The Wisconsin Department of Workforce Development is exploring options to waive the state’s one-week waiting period requirement for individuals to receive unemployment benefits, which could reopen the door to millions in lost federal COVID-19 dollars.
Last Friday, Gov. Tony Evers swiftly vetoed a GOP-authored COVID-19 relief package that came with more than 20 measures, including a temporary extension of a waiver of the one-week waiting period that was first enacted back in April — the last time the state passed coronavirus-related legislation. The one-week waiting period was reinstated Sunday, meaning the state looks to miss out on more than $1 million in federal reimbursement funding for each week the requirement is in place — for a total of $6.5 million over five weeks, according to the nonpartisan Legislative Fiscal Bureau.
But DWD spokeswoman Amy Barrilleaux said in an email the department is looking into potential avenues to administratively reinstate the waiver.
“DWD is exploring potential options related to waiving the waiting period,” Barrilleaux said. “Without that waiver, people will face a delay in their initial payment, exacerbating the financial impacts of the pandemic.”
Unemployment dollars included in the federal Coronavirus Aid, Relief, and Economic Security Act are awarded to states that waive the one-week waiting period and fully fund unemployment benefits in a claimant’s first week of joblessness.
With the waiting period in place, claimants must wait one week before collecting such benefits. DWD received more than 15,500 initial claims for the week ending Jan. 30 alone, Barrilleaux said.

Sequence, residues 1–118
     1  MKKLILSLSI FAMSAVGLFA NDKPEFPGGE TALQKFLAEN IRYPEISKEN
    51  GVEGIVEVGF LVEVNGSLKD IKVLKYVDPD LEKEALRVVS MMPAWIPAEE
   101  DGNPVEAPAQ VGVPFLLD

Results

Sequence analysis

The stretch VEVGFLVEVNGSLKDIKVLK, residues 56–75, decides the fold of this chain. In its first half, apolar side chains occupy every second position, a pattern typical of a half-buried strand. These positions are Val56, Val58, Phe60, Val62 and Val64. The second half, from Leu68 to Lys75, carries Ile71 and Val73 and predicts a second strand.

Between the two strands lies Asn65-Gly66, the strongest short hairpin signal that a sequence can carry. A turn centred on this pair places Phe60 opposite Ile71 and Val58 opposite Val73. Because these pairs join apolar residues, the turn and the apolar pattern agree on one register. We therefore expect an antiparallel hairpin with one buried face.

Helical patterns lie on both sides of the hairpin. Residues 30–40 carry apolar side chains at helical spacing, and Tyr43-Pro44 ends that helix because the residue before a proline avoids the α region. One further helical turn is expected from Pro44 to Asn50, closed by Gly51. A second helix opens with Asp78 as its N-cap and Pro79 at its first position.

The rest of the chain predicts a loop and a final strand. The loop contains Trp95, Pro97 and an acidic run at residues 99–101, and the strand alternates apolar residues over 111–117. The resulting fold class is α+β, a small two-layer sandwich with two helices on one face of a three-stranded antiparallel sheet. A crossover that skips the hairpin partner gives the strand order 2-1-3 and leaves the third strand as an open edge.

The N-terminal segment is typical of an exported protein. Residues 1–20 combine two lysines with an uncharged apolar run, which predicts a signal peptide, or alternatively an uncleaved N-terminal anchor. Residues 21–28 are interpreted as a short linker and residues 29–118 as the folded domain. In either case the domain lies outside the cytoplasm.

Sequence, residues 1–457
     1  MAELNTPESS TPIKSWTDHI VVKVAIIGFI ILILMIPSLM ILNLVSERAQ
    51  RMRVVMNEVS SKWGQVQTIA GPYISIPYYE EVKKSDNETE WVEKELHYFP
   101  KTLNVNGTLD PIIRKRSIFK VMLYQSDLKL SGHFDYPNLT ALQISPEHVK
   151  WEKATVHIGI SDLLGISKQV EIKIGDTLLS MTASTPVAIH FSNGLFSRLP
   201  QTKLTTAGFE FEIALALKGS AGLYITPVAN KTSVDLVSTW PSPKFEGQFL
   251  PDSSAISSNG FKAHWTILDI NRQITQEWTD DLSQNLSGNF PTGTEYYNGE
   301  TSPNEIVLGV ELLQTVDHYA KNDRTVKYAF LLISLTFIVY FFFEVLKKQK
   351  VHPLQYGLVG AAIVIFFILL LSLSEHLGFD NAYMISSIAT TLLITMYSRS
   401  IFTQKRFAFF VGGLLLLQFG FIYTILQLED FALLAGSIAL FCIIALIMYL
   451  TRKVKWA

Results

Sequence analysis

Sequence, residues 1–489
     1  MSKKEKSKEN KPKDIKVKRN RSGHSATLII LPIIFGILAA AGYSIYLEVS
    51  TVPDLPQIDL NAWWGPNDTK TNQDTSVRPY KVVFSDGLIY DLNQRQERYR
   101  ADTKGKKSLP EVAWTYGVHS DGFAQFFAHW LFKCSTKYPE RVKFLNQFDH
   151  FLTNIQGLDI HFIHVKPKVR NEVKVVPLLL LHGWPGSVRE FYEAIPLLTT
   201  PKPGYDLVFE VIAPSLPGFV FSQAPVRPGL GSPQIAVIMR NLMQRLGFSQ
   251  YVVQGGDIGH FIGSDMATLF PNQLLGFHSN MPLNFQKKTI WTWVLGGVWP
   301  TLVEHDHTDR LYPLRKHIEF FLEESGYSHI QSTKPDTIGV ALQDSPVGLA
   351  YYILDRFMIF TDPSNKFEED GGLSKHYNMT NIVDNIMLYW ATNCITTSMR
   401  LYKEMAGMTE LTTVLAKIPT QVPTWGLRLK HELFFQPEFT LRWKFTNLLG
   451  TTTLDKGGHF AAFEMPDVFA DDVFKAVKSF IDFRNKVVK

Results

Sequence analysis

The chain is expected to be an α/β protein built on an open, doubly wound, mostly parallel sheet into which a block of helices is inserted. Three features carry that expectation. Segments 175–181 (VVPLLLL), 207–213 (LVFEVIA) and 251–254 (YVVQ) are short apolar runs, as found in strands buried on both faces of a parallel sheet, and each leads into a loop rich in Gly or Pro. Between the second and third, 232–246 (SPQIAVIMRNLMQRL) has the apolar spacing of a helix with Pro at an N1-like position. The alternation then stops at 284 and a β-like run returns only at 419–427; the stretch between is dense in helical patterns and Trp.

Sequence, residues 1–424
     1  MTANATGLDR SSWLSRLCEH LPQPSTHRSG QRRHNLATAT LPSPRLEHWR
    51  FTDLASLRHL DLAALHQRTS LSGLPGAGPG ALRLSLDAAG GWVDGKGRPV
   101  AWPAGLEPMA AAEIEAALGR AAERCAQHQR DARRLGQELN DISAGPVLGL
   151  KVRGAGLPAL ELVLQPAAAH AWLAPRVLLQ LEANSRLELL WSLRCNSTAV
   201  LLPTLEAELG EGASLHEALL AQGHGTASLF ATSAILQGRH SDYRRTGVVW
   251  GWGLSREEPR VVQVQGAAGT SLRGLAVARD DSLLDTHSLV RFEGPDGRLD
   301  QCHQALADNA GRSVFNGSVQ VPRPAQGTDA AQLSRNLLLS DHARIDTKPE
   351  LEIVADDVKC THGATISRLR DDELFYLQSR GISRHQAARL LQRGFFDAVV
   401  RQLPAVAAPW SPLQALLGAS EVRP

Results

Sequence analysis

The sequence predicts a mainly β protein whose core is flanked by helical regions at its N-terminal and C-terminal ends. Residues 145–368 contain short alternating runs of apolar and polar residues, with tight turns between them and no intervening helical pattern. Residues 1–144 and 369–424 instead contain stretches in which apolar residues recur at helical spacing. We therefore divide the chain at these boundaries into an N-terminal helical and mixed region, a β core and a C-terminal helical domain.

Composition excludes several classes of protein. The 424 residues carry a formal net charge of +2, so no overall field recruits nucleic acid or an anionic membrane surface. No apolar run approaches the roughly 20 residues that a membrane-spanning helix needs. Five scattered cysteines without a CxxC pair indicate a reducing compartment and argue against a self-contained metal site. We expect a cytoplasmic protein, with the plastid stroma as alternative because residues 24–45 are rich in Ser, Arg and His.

DWD on Thursday announced a new emergency rule had been published to allow the department to continue to waive the state’s requirement that unemployment recipients search for other employment while receiving benefits.
“The rule also continues to ease eligibility for people who would work but cannot for COVID-related reasons, such as being quarantined or subject to subsequent stay-at-home orders,” DWD said in a statement.
Barrilleaux said the department was able to waive the work search requirement under current state and federal law, but did not provide additional details on if and how the department could waive the one-week waiting rule.
Following more than a month of debate and amendments, the GOP-led Legislature sent a COVID-19 relief package to Evers’ desk. The package included several items Evers had agreed to when originally approved by the Senate in January, but additions — such as measures to limit the governor’s use of emergency orders and give Republicans in the Legislature authority over how to spend all future federal COVID-19 dollars that the state receives — led to the proposal’s eventual veto by the Democratic governor.
Earlier this week, Democrats introduced the provisions originally included in the Senate version of the package as 22 stand-alone bills with hopes that some could reach Evers’ desk.
“These important provisions, which were supported by Republicans and Democrats alike during the discussions around Assembly Bill 1, need to be passed into law swiftly,” Rep. Robyn Vining, D-Wauwatosa, said in a statement. “If not by omnibus, then by stand-alone bills. There’s no excuse to wait any longer to provide the help Wisconsinites need.”
One of the 22 proposed bills would continue the state’s temporary waiver of the one-week waiting period for unemployment benefits.
The offices of Assembly Speaker Robin Vos, R-Rochester, and Senate Majority Leader Devin LeMahieu, R-Oostburg, did not respond to requests for comment on whether the GOP-led chambers plan to take up the individual bills, including one to reinstate the one-week waiting period waiver.
Like many states, Wisconsin has been inundated with unemployment claims since the COVID-19 pandemic began, while DWD has faced mounting ridicule for its slow response to addressing the backlog of claims. State Republicans have placed the blame on Evers’ administration, while DWD officials have said an unprecedented number of claims, paired with GOP-authored unemployment laws, complicated the adjudication process and exacerbated delays.